In preparation for the Implementation Phase, CCEE will be hosting two summer workshops to guide DRLN participants in the progress monitoring and evaluating the impact of their Innovation Projects. The DRLN team decided to tailor these workshops to LEAs’ Action Plans, with a focus on designing effective surveys, collecting feedback/attendance data for trainings and professional development sessions, and measuring user statistics (e.g. website/dashboard analytics). By building the capacity of DRLN participants to develop and implement effective progress monitoring processes with tools, they will be prepared to embark on their Innovation journeys come August, with an understanding of how they will be engaging in continuous improvement cycles to enhance their data practices, programs, and systems.

Interested in learning more about each LEA’s innovation idea and action plan? Take a look at our DRLN Overview Handout or check out CCEE’s Learning Networks Google Site to explore the problems of practice identified by LEAs in not only the DRLN, but across all of I3’s learning networks. As our networks progress, the I3 Center will be updating the Google Site with measures of impact, as well as shareable resources that come out of our work. Aligned to I3’s goal of improving LEA capacity by collaboratively developing, delivering, sharing, and spotlighting research-based practices, we hope this Google Site can serve as a learning hub for California’s broader educational community.

Supporting Educators Through the Development of the California Educators Together Repository for High-Quality Online Instructional Materials

By Allan Taing, Senior Manager of Research & Impact Analysis

The CCEE, working with our partners at the California Department of Education (CDE) and the State Board of Education (SBE), are supporting Kern County Superintendent of Schools (KCSOS) as they serve as the project lead for the High Quality Online Instructional Materials project (HQOIM), as defined in Section 144 of AB 130 (Chapter 44, Statutes of 2021) and revised in Section 41 of AB 167 (Chapter 252, Statutes of 2021). This three-year $15 million dollar project is designed to enhance the educator professional learning infrastructure within the Statewide System of Support. The goals of this initiative are to develop and curate easy-to-use resources for local educational agencies (LEAs) and educators, establish a transparent process for vetting materials to ensure quality and alignment with state academic standards, and provide guidance and resources regarding the implementation and use of open educational resources.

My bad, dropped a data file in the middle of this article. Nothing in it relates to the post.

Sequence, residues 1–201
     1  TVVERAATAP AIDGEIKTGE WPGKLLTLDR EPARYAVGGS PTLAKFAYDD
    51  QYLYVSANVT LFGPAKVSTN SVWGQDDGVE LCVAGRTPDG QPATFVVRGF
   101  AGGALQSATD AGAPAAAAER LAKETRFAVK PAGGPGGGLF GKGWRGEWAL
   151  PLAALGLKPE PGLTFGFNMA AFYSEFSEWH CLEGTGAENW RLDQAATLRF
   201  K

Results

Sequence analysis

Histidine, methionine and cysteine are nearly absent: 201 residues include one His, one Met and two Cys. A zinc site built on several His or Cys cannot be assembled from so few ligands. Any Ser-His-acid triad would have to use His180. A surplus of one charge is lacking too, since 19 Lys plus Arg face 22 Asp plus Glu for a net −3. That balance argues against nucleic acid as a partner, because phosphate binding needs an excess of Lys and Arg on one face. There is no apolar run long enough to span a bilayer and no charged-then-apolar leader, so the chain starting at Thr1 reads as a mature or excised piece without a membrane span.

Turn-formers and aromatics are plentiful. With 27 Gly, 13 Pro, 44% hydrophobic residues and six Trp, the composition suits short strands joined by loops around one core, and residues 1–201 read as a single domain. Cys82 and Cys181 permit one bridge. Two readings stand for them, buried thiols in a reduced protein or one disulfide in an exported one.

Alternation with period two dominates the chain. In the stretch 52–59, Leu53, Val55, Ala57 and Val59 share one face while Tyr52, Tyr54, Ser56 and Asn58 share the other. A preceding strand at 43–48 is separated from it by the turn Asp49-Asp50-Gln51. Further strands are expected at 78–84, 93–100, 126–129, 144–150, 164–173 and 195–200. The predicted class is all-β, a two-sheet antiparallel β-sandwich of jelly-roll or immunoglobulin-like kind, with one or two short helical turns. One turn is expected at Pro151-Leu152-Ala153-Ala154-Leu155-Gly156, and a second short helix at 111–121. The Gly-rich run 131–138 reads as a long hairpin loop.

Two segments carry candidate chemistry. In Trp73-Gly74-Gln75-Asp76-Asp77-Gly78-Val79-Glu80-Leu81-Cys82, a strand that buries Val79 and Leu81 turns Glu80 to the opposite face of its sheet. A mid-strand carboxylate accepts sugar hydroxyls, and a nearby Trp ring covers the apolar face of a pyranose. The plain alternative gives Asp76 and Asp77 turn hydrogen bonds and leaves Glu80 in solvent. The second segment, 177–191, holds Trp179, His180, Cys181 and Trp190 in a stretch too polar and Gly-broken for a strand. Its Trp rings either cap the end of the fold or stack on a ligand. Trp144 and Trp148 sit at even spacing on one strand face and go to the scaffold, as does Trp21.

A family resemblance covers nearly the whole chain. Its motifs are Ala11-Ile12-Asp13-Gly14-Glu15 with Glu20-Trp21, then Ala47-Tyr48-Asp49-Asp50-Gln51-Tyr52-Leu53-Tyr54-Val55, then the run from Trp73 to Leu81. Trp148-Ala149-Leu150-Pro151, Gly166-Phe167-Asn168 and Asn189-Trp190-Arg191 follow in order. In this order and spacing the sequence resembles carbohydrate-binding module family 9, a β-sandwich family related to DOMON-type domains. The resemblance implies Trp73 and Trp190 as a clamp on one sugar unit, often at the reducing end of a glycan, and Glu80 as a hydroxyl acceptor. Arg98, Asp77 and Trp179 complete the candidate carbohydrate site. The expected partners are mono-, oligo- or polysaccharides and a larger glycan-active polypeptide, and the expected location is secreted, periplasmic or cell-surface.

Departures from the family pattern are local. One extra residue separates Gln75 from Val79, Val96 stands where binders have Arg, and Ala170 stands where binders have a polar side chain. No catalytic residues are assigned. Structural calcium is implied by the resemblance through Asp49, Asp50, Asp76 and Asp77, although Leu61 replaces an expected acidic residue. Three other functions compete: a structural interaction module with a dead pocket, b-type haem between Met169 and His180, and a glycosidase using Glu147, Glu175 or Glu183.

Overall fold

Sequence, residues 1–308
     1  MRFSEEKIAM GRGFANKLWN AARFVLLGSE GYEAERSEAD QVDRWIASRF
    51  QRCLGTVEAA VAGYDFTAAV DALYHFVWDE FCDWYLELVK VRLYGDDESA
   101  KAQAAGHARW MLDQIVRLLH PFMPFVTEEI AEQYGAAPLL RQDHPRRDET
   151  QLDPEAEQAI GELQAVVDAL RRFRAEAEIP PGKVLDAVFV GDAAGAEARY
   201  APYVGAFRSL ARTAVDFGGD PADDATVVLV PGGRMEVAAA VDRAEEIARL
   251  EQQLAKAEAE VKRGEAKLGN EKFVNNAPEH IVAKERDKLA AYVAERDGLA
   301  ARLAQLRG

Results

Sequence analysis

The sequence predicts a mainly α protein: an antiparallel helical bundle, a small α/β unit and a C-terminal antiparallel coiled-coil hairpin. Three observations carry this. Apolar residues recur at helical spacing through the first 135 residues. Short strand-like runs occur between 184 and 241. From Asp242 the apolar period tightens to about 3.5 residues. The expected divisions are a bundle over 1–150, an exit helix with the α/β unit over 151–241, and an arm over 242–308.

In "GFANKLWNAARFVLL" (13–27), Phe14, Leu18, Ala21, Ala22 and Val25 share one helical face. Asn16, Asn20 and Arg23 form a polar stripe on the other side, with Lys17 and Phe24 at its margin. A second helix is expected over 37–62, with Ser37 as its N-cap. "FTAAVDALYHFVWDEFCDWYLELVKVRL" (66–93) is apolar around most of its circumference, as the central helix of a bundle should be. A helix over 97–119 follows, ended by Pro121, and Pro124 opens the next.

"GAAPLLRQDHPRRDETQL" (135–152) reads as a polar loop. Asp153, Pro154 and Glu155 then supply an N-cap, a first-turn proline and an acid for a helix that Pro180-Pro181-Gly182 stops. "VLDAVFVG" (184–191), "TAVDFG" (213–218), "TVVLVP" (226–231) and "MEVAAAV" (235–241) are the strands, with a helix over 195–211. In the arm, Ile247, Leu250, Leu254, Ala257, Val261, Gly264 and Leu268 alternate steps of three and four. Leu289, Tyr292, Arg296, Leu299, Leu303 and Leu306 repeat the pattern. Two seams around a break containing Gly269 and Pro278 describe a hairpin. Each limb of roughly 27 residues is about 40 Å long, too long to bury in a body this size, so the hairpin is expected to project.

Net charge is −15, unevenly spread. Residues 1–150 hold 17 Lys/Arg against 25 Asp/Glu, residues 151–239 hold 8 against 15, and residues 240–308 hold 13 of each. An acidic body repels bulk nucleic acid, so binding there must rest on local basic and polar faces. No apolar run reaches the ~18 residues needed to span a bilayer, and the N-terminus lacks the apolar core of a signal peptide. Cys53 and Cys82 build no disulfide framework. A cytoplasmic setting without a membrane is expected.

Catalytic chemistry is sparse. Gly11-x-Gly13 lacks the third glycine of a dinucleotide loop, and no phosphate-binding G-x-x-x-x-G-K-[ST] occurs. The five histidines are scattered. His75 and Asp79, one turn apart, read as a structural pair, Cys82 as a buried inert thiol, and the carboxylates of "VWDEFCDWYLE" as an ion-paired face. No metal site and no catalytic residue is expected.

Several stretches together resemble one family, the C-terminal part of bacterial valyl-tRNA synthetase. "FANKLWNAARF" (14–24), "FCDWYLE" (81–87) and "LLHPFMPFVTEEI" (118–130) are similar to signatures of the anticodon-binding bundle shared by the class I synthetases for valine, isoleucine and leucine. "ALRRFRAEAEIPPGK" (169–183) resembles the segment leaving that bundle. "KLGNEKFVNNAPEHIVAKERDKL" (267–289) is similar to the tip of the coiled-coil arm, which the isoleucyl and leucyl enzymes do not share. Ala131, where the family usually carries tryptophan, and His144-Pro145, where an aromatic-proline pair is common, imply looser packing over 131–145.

During this first year of the project, KCSOS developed the California Educators Together High-Quality Lesson Design Rubric (CaET Rubric) to evaluate high quality materials and hosted two virtual Lesson Design Institutes in February and March, and one in-person Lesson Design Institute in May to train more than 100 educators to design rubric-aligned lesson plans. To further develop and promote the California Educators Together repository (CaET), KCSOS presented at 12 conferences and implemented a vetting collaborative to train evaluators to vet resources on the CaET repository using the CaET Rubric, resulting in 307 new rubric-aligned lessons, 304 new standards-based lessons, 779 new resources, and 2,938 existing lessons vetted. As a result of KCSOS efforts, the California Educators Together portal now has more than 25,000 users, including 6,832 new users over the past year. During the second year of the project, KCSOS will continue to offer virtual and in-person Lesson Design Institutes, continue efforts to disseminate high-quality rubric-aligned lessons and resources, and vet existing materials. KCSOS will also focus on potential partnerships to increase visibility of the CaET repository and new users.

WestEd is leading the external program evaluation of the HQOIM project. Key findings from the formative evaluation of the first year indicate that Kern County has built a team that is focused on educators, learns and adapts, listens to feedback, and is focused on key issues of sustainability, partnerships, and scaling up. Feedback from teachers attending the Lesson Design Institutes are overwhelmingly positive; in focus groups and interviews, educators are excited for the CaET Rubric and praised the quality of the institutes. In addition, the California Educators Together repository contains a wide variety of high-quality resources and capabilities, and the program team and educators are excited about the potential of new and different capabilities for this platform to further support effective teaching and learning.

To learn more about this evaluation, as well as evaluations for other statewide professional learning initiatives launched in 2021, please visit the CCEE Statewide Program Evaluation website.